Tag Archives: moss

Love VIII: 8


koi shinaba
kokemusu tsuka ni
kae furite
moto no chigiri ni
kuchi ya hatenan
Should I have died of love and
Upon my moss-hung tomb
An aged cypress be
Would those vows from long ago
Have rotted quite away?

Lord Sada’ie

Right (Win)

kaku bakari
omou to kimi mo
shirakashi ni
shiraji na iro ni
ideba koso arame
That so much
I long for you,
You know not; for what hues
Might I show?

The Supernumerary Master of the Empress Household Office

The Gentlemen of the Right state: ‘tomb’ (tsuka) and ‘cypress’ (kae) are frightening. The Gentlemen of the Left state: ‘evergreen’ (kashi) is the same, is it not?

In judgement: What might ‘upon my moss-hung tomb an aged cypress be’ (kokemusu tsuka ni kae furite) mean? Maybe the poet had in mind the part of the Scribe’s Records, where Duke Wen of Jin, on parting from his wife in Di, says, ‘If you wait for me for twenty-five years and I have still not returned, then marry again,’ but his wife laughs and says, ‘After ageing for twenty-five years, a cypress will be growing upon my tomb!’ The Right’s ‘evergreen’ (shirakashi) must simply serve to introduce to ‘you know not; for what hues might I show?’ (shiraji na iro ni ideba koso arame). However, both ‘cypress’ (kae) and ‘evergreen’ (kashi) lack admirable qualities. The round should tie.

Love III: 27


wa ga naka o
furu no arada to
tare ni yukiai no
wase tukuran
Our love
As the overgrown fields at Furu
Has been abandoned;
Who do you go to now,
To grow fresh seedlings?


Right (Win).

yama fukami
koke no shita moru
tanimizu ya
toshi heru koi no
namida naruran
Deep within the mountains
From underneath the moss leaks
Water to the valleys;
Enduring through the years are my love’s


Both teams say the poems have no fault.

In judgement: both poems seem equal in expression, but the quality of the lower section of the Left’s poem is extremely poor, so I make the Right’s ‘from underneath the moss leaks’ (koke no shita moru) the winner.

Love I: 12

Left (Win).


kono yo tsukinaba
omou koto
koke no shita ni ya
tomo ni kuchinan
Continually concealing:
Should this world end, then
My love for you
Beneath the moss,
With me, would rot away…

Lord Ari’ie.




kokoro no tare ga
toko ni yukite
ayamu bakari no
yume ni miyuran
My heart to someone’s
Bed does go;
Simply a strange
Dream, would she see?

Lord Takanobu.


The Gentlemen of both Left and Right state: the final section of the other team’s poem is not bad.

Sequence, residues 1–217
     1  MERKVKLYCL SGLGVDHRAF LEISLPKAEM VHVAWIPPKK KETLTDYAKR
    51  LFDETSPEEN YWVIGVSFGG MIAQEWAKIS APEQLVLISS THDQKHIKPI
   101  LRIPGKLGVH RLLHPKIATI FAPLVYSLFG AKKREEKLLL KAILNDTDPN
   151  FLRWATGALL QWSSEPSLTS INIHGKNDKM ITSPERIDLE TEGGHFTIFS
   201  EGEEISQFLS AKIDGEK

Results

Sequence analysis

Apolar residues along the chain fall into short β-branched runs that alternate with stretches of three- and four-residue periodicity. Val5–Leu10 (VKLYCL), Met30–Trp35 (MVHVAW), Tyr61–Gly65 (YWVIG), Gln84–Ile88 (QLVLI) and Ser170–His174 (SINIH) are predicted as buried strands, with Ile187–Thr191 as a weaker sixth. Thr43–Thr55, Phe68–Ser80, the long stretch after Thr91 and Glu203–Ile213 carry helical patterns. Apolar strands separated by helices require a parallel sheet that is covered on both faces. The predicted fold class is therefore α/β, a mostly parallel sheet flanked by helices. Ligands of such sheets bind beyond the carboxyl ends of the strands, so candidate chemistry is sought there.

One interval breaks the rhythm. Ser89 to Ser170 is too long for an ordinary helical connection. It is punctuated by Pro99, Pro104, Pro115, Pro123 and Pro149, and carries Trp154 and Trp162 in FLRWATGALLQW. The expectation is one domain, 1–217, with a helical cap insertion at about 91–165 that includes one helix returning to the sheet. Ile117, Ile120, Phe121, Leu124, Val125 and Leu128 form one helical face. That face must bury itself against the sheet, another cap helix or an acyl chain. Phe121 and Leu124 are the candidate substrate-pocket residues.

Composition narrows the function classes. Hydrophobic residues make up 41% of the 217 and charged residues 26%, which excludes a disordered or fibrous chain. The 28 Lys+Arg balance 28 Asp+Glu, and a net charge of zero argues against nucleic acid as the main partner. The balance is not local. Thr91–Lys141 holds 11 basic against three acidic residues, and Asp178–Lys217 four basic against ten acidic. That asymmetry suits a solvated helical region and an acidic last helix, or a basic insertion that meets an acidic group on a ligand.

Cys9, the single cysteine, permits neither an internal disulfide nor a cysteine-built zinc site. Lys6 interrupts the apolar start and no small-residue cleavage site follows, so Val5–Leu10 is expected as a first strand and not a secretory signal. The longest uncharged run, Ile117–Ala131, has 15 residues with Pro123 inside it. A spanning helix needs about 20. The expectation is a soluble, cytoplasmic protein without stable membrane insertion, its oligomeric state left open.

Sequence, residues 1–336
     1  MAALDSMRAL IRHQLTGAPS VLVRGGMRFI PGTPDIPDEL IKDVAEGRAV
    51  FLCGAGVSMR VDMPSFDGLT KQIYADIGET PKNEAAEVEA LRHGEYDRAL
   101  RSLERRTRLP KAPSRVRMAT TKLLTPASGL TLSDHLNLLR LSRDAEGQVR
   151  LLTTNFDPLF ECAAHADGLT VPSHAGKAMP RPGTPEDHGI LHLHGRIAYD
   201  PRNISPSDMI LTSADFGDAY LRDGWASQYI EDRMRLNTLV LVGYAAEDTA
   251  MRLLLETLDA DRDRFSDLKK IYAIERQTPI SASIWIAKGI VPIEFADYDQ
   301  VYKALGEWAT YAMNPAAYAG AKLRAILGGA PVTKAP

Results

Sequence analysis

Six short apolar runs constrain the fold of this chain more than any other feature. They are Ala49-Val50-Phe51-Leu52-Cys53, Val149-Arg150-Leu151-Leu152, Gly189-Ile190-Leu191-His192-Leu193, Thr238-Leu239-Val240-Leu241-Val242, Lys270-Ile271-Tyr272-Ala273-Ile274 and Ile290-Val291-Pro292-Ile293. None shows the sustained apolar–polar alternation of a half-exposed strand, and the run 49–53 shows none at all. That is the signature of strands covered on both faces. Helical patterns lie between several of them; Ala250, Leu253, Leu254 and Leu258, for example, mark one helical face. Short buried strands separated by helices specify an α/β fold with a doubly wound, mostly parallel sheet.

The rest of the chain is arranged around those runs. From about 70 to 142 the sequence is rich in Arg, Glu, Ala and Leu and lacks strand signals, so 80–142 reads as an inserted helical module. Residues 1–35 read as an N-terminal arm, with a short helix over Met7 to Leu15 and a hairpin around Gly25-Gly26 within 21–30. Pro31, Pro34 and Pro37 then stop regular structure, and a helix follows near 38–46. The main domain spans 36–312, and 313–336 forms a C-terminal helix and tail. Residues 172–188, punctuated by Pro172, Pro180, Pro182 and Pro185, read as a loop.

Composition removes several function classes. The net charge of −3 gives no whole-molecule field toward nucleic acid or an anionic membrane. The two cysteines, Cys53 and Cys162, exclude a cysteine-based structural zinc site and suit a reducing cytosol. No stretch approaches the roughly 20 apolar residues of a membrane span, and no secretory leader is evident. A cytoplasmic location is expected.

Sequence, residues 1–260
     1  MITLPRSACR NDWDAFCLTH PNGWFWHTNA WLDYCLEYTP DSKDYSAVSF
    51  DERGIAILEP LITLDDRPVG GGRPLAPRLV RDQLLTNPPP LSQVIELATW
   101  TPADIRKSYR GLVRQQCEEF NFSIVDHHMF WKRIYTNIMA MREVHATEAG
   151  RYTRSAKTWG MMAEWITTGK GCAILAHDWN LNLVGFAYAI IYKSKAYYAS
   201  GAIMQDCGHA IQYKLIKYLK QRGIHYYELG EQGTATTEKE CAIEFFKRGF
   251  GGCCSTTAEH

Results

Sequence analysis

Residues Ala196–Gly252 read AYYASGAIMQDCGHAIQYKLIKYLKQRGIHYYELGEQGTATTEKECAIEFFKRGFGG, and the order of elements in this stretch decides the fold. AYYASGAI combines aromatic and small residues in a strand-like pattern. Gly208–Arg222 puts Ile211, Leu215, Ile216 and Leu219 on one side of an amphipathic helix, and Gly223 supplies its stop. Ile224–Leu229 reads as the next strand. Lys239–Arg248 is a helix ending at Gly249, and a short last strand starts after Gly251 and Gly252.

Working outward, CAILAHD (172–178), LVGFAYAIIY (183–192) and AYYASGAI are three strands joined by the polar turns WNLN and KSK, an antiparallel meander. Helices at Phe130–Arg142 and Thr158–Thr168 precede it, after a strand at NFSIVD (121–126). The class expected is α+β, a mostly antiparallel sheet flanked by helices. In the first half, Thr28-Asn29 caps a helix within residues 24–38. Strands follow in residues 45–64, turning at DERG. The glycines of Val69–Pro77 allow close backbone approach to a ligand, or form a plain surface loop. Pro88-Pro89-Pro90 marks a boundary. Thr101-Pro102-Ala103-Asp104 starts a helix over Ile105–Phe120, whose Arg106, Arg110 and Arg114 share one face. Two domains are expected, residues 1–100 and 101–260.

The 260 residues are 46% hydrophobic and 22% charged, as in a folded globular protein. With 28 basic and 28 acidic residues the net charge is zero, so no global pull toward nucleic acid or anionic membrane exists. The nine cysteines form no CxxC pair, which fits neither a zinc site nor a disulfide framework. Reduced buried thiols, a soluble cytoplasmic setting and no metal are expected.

Shunzei’s judgement: while I feel that the conception and diction of both poems seems fine [sugata kotoba yoroshiku miehaberu], the Right’s heart, flitting off to someone quite plainly, seems rather frivolous. The Left’s ‘beneath the moss’ (koke no shita ni ya) closely resembles the conception of the topic. It should win.

Autumn III: 2



miru ni nao
sumamahoshiki wa
iroiro ni
tsuta hau koya no
yosome narikeri
Gazing, again
Would I dwell there:
Ivy creeping round the hut,
Seen from afar.



Right (Win).


toshi o hete
koke ni mumoruru
furu tera no
noki ni aki aru
tsuta no iro kana
The years pass by and,
Buried in moss,
The ancient temple’s
Eaves in autumn take
On ivy’s hues…



The Right say, ‘If by Koya the Left means the place Koya in the Province of Tsu, there are no other connections in the poem. If, however, it is just referring to a hut (koya), we wonder about that composition [sayō ni mo yomamu ni ya].’ The Left respond, ‘It is perfectly normal when referring to a hut, to just have “hut” in the poem! In the Right’s poem, though, “Buried, the ancient temple” (mumoruru furu tera) sounds unpleasant [kikiyokarazu].’

Shunzei’s judgement: In the Left’s poem, if it is not referring to Koya in the Province of Tsu, I have no recollection of it being normal to just refer to a hut in a poem. Even if there was an earlier poem for evidence of this, the word ‘hut’ has no connections within anything in this poem, either. The Right’s ‘buried in moss’ (koke ni mumoruru) is splendid [yū ni koso habere]. As for ‘ancient temple’ (furu tera), although it is splendid in Chinese poetry to write [shi ni kaku wa yū ni haberedo] phrases like ‘the ancient temple, situated on the mountaintop’, this is not particularly elegant in waka [uta ni wa en narazaru]. However, besides the use of koya being poor, ‘eaves in autumn’ (noki ni aki aru) sounds charming [okashiku kikoyu]. The Right must win.

Miscellaneous 82

Left (Tie).


ikuyo henu
kazashi oriken
inishie ni
miwa no hihara no
koke no kayoiji
How many ages passed?
Twigs plucked and placed in hair,
Long ago
In Miwa’s cypress groves,
Along the moss-covered paths…




mizu shirazu
uzumorenu na no
ato ya kore
tanabiki wataru
yūgure no sora
Unseen, unknown,
Of an everlasting name
This the only trace,
Trailing across
The evening sky?